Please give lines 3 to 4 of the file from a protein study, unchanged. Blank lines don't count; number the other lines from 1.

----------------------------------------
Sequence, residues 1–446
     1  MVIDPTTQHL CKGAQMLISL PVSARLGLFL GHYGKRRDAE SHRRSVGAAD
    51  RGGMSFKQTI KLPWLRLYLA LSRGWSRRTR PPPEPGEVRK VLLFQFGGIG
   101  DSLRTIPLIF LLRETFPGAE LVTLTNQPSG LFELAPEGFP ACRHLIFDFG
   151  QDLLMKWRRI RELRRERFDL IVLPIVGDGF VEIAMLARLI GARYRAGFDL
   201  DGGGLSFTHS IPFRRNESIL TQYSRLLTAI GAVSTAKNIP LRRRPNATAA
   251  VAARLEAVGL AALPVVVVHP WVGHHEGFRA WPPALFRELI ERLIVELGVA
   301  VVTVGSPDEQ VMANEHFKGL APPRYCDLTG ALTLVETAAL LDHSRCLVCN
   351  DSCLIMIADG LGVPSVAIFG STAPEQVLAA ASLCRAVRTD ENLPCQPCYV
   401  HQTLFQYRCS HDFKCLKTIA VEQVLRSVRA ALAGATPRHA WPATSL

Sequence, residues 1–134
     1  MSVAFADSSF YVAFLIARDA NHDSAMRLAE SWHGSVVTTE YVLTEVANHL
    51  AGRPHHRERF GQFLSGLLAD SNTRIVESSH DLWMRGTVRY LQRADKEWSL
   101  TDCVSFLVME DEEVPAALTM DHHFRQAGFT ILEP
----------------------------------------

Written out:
    51  RGGMSFKQTI KLPWLRLYLA LSRGWSRRTR PPPEPGEVRK VLLFQFGGIG
   101  DSLRTIPLIF LLRETFPGAE LVTLTNQPSG LFELAPEGFP ACRHLIFDFG